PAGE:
The other day I walked my friend Estelle’s dog. It’s something I’ve done on occasion when she has been unable to, and it’s something I enjoy, both because I like walking and because Ruby, a black labradoodle, is one of the most well-behaved dogs I’ve ever known. Everyone on the street knows Ruby, and everyone loves her.
I don’t consider myself a dog person. I didn’t grow up with them, although my grandad had an alsation (a time when the word German in any form was unacceptable). Monty was a lovely dog, a gentle giant before I’d ever heard the term, and accepted all sorts of childish pulling and patting with good grace and patience. Until I met Neil it was the only experience I’d had of dogs.
Neil had a boxer, also a lovely dog. She wasn’t the brightest, but she wasn’t as dim as she sometimes appeared. Knowing she wasn’t allowed on the sofa she would inveigle her way onto it via the lap of the nearest human. First she would place her chin on your knee, then her head. A shoulder would hunch up, then a leg, followed by a second leg and half a body. Finally the weight of her bum would land on you, then the final two legs until she was curled into the tightest ball she could be, balanced precariously on a lap half her size. All the time she would avoid eye contact, sort of if I can’t see you then you can’t see me. It was fun to watch.
My brother and his wife have just lost their fur baby. Ballou was a chocolate lab, a big clumsy dog, who I always thought looked one bone short of a full skeleton. He bounded about like he was still a small puppy, crashing into anything that got in his way. If he stood on your foot you were in danger of needing a visit to ED. Goofy as he was, he too was a lovely dog, much loved by all who knew him and missed even more.
Ruby used to have a housemate, Muppy*, who wasn’t quite as well behaved as she is. More than once Estelle had to put out a social media post or text to say he’d disappeared whilst off-lead, asking for help to find him. He always returned, was grounded, did it again a few weeks later. Ruby has never behaved this way. She returns when called, no matter how tempting the diversion is, and she pauses at the kerb to be told it is safe to cross the road. Temptation does get the better of her at times, her excitement at seeing a human friend overcoming her obedience, and we often see a black streak running down the street to greet someone. If she catches a glimpse of Neil or me as she is being led past our house she bounces as though on springs, a Zebedoodle if you like, leaping high enough almost to clear the fence, all the while squealing in excitement. We’re not special – she gets this excited at seeing anyone she knows, especially if it’s one of her younger friends.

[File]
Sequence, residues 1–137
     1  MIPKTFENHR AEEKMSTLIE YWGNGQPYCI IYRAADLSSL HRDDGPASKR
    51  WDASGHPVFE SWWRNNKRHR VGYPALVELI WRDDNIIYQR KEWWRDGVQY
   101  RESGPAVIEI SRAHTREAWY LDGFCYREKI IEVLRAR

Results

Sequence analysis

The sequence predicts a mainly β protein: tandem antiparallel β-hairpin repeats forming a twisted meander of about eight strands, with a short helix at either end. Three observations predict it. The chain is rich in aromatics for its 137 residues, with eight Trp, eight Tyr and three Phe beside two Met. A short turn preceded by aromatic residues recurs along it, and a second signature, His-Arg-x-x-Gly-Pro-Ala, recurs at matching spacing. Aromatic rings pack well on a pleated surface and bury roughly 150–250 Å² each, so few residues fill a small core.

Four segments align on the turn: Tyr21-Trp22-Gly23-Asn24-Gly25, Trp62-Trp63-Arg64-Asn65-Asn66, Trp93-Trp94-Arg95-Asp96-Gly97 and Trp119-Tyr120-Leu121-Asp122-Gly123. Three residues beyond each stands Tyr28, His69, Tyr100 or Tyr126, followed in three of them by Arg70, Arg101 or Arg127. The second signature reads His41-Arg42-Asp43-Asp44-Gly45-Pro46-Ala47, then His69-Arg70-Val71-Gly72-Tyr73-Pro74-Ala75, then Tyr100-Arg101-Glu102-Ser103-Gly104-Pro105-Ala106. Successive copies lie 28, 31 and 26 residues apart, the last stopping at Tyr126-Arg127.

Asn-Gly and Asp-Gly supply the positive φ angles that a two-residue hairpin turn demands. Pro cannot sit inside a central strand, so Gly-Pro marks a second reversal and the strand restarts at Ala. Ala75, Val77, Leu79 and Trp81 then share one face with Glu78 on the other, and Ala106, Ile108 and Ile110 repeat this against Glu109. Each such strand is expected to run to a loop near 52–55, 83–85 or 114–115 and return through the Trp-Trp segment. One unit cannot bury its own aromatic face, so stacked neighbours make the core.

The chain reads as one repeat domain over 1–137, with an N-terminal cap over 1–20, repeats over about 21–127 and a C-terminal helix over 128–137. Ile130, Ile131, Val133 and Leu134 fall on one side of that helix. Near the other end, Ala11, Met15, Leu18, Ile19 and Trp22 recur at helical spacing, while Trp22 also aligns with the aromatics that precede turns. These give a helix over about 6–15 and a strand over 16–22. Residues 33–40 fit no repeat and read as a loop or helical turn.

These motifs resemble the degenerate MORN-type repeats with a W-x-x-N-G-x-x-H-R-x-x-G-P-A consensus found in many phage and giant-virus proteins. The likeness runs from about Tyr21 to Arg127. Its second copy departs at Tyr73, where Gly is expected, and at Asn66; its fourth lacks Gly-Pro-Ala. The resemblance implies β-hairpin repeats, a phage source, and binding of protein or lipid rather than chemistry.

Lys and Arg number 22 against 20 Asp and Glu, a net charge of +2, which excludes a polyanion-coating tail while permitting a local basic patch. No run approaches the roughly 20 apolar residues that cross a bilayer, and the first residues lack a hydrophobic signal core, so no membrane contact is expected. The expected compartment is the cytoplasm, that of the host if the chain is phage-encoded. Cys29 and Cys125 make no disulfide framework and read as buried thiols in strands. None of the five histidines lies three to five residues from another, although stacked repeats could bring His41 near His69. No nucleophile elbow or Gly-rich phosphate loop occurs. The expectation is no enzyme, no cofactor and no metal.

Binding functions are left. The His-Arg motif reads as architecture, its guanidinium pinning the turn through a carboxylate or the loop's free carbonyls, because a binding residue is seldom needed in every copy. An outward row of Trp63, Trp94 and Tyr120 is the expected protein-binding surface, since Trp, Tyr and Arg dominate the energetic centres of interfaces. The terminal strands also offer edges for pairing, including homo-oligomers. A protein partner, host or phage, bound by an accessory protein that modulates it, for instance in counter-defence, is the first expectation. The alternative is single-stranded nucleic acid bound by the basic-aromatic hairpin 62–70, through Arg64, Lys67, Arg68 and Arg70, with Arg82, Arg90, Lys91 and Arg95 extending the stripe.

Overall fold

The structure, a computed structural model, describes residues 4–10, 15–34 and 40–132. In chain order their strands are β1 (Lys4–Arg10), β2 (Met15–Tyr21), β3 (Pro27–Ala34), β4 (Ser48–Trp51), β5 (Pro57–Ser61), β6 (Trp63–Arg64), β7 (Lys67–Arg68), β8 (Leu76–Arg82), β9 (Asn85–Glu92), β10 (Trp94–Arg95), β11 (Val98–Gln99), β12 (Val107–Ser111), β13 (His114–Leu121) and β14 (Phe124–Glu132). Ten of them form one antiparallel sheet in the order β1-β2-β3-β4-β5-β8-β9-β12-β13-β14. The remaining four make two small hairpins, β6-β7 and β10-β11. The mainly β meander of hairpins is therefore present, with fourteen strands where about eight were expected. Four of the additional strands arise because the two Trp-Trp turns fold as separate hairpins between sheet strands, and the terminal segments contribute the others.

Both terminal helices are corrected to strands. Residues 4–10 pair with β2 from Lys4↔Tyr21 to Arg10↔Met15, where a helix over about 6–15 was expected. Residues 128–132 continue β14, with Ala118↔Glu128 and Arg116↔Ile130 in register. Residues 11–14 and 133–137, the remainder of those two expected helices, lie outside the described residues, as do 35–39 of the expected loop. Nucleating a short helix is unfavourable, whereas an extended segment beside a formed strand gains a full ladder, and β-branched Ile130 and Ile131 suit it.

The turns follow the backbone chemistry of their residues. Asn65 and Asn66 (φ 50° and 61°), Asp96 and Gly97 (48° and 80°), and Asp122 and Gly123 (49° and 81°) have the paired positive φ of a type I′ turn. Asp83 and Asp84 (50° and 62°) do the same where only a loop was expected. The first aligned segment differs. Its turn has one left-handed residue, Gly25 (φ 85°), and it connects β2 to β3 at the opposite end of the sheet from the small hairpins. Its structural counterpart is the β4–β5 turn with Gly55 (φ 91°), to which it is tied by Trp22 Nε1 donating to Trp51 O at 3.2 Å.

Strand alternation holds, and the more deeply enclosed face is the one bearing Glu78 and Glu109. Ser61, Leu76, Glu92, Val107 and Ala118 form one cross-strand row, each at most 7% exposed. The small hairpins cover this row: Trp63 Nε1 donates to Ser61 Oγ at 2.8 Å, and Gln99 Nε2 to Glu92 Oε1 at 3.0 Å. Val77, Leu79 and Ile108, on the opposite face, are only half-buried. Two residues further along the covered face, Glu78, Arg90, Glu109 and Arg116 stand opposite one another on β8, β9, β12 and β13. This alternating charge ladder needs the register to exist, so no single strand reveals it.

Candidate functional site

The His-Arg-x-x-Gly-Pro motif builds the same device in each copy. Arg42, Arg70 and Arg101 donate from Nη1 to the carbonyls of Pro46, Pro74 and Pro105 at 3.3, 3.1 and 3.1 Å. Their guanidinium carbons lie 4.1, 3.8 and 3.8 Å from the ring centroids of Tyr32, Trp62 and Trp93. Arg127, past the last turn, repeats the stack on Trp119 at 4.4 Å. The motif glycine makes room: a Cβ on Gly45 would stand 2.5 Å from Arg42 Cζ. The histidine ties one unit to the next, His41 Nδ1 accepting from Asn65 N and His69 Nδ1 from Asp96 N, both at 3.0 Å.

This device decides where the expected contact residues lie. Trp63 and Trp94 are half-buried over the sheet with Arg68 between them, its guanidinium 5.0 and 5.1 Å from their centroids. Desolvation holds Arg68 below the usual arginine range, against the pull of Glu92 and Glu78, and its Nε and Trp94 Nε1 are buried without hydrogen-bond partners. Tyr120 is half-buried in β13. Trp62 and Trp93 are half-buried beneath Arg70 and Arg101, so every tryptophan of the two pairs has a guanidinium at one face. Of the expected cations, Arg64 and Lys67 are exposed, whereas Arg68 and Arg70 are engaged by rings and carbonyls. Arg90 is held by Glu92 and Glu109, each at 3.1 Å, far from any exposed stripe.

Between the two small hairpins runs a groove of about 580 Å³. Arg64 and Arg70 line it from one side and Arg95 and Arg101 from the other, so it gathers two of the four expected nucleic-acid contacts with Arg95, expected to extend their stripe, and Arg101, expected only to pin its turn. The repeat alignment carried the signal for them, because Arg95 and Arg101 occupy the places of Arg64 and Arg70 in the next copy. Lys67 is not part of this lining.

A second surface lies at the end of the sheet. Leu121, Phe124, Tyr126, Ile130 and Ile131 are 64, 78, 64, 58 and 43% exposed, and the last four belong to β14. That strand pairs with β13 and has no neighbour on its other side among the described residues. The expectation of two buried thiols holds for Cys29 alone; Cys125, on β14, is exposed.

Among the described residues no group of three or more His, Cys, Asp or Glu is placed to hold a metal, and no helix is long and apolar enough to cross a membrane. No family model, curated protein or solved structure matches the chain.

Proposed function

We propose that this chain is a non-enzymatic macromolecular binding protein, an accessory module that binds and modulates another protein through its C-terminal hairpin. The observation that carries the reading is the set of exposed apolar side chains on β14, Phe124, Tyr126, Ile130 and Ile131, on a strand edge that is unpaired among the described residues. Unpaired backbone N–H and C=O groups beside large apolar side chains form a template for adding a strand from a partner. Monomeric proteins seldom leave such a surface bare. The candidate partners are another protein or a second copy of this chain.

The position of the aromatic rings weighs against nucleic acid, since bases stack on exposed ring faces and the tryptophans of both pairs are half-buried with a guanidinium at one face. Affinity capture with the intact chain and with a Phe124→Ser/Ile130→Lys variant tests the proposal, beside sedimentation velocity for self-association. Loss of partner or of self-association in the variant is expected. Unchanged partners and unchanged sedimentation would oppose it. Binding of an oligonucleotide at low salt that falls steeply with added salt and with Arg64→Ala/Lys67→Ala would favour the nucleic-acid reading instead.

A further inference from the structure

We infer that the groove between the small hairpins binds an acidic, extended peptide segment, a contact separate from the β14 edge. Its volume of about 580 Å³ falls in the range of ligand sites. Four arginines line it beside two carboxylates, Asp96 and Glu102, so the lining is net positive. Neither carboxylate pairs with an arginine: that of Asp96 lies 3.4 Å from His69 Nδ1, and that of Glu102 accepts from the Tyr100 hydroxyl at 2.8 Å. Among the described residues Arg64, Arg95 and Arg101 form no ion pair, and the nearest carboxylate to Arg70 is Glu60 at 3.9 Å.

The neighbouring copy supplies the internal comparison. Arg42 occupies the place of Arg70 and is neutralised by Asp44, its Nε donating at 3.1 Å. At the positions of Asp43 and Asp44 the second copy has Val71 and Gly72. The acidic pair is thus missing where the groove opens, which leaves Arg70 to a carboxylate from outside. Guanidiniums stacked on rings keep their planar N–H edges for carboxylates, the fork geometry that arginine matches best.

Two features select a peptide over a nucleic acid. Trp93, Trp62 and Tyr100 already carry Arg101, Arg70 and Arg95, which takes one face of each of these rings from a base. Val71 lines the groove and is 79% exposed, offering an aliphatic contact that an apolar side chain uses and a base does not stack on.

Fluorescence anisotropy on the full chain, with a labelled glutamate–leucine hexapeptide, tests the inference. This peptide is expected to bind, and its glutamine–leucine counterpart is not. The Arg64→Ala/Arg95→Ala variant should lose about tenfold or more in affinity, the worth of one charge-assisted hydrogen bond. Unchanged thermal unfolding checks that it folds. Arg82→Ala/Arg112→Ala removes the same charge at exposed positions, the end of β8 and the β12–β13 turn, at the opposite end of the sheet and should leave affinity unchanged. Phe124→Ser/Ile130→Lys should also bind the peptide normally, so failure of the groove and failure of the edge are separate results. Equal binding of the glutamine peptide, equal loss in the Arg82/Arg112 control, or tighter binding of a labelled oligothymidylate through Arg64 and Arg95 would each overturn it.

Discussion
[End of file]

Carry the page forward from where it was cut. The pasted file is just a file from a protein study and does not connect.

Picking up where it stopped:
Last week we walked the usual route, half road (on lead), where she pauses at each blade of grass to check who has been there since she last passed, and half riverside path, where the lead comes off and she tears around, disappearing ahead, sprinting back towards you, a quick turn and flying past again. If more than one human is walking with her she pauses at regular intervals to make sure the family is all together. At the end of the track she waits until you catch up, knowing that she has to be clipped back onto the lead.
Obedient as she is, Ruby is a drama queen. Even if you saw her a short while ago, she greets you as though you’re returning from a year-long absence. She obeys when told no but her face tells you it’s the end of the world! She’s pretty good at The Look. On our recent walk we had a ‘discussion’ about whether swimming was allowed, her expression clearly saying that it was so unfair and he’s doing it! as she glanced at the dog behind her. I won and I’m sure I got an eye-roll as she jogged towards me, casting longing looks behind her at the river. When I left her back at home she gave me The Look that said: is that it? When it became clear I wasn’t hanging around it changed to a look of despair and utter despondency, as though the end of her world had just been declared. Later, when Neil and I left after feeding her, she howled as though she’d been seriously injured, or permanently abandoned. If she could use a phone, no doubt the SPCA would hear about this.
A couple of days later, along with her mum, she brought some delicious carrot cupcakes to say thank you. We laughed as she bounced around, Zebedoodle-like, then paused to sniff and lick my fingers, which I clearly hadn’t cleaned sufficiently after making chicken sandwiches for lunch. She’s a gorgeous dog, a lovely part of our community (just like her mum), and a real character. It’s a privilege to be her companion when I’m asked to be.
*I should point out that Muppy is alive and well and very happy – he no longer lives with Ruby because he returned to live with his own family when they moved to a pet-friendly rental.